Brianne Christensen completed her BA in English (Hons) at UBCO before joining the MA in English graduate program in 2021. She defended her thesis in November 2023, “Hospitality in Crisis: New Sincerity and Receiving the Stranger in Ali Smith’s Seasonal Quartet.” She was supervised by Dr. Jennifer Gustar, with committee members, Dr. George Grinnell and Dr. Margaret Reeves.
We asked Brianne to discuss her experience at UBCO as a master’s student.
Why did you choose to apply to the MA in English program here at UBCO?
When I applied to the MA in English program, I was in the final stages of writing my Honour’s thesis, which explored Ali Smith’s disruptive narrative style in Spring (2019) and There but for the (2011). At the time, I was thinking about the ways in which Smith’s modes of writing engage with experiences of hospitality, especially in the context of unexpected arrivals, and I was beginning to develop an understanding of the intersections in her work between socio-political and literary concerns. Yet I felt that I wasn’t quite finished with Smith––more accurately, she wasn’t finished with me!
As I became increasingly invested in the discourses surrounding Brexit and immigration in the UK––issues central to Smith’s thinking on hospitality in the Seasonal Quartet––it felt urgent that I pursue further research on what her novels, modes of writing, and particular ethics as an author might offer for thinking about the social role and responsibility of the novel form in times of multiple crises related to hospitality and its refusal.
I decided to undertake this research at UBCO because I learned so much from working with Dr. Jennifer Gustar––my Honour’s thesis supervisor––and I knew that I wanted to keep thinking with her while writing my Master’s thesis. I had the excellent luck to meet Dr. Gustar as a second-year undergraduate student and, from then on, I took every one of her courses that I could. In fact, it was in one of these courses that I first encountered Ali Smith’s fiction. Over the years, working with Dr. Gustar has itself been a study in hospitality; her constant encouragement, generosity, and sheer brilliance will continue to inspire me both in life and in my future academic endeavours.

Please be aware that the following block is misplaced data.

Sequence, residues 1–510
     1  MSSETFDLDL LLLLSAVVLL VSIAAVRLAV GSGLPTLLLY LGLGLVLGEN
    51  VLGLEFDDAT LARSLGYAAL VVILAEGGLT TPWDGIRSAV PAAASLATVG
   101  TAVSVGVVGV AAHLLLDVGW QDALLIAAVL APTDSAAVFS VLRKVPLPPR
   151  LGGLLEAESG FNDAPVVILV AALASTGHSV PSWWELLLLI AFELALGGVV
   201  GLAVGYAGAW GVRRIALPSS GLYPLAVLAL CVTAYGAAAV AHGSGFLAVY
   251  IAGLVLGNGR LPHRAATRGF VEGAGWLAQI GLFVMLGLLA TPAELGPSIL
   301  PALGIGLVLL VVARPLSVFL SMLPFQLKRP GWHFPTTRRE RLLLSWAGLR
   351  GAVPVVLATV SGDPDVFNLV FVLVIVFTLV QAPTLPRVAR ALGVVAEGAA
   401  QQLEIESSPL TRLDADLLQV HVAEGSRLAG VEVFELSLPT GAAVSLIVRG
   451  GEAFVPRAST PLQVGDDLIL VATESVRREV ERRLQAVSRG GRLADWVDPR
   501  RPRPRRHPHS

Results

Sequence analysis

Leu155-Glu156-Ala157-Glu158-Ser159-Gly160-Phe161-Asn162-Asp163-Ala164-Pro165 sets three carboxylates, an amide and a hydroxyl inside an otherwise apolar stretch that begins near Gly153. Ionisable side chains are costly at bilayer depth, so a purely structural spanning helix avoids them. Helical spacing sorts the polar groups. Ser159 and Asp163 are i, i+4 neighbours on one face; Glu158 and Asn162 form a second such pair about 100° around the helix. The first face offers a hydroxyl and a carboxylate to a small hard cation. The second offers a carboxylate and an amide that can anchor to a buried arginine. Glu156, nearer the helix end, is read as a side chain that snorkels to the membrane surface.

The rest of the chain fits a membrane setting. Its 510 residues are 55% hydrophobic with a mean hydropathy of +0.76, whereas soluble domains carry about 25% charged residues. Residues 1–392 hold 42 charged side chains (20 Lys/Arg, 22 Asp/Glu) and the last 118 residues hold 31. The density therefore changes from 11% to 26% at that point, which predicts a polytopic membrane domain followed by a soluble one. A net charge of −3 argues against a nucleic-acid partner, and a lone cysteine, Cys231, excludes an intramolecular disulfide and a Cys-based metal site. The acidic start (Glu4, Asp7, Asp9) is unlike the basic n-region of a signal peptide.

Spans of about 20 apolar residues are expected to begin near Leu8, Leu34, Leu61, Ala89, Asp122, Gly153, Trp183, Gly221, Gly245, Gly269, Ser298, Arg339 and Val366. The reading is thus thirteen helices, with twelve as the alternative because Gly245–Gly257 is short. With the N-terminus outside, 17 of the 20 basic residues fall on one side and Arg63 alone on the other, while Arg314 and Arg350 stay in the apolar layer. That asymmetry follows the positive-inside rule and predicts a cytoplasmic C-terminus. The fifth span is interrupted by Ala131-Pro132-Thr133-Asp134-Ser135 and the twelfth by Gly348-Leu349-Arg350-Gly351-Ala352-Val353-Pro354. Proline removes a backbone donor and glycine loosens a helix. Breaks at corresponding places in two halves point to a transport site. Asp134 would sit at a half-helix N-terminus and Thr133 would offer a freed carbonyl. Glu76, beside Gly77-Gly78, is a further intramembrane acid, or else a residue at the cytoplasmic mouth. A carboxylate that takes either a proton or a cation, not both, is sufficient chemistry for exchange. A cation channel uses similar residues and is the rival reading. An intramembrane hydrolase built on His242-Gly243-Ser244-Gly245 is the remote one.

Tell us about the road to earning your UBC degree.
The road to earning my Master’s degree was full of unexpected opportunities that enabled me to grow as a student, researcher, and thinker. I’m incredibly thankful to the Social Sciences and Humanities Research Council for their generosity in the form of a CGS-M award as well as the Michael Smith Foreign Study Supplement, which allowed me to undertake site research abroad in the UK hosted by the University of Exeter. While in England, I studied post-Brexit UK migration narratives in multiple forms, including museum exhibitions, art installations, and hybrid literary genres combining prose, poetry, and creative non-fiction. This interdisciplinary research enriched my work immensely and provided me with valuable context with which to theorize Smith’s rhetoric of hospitality.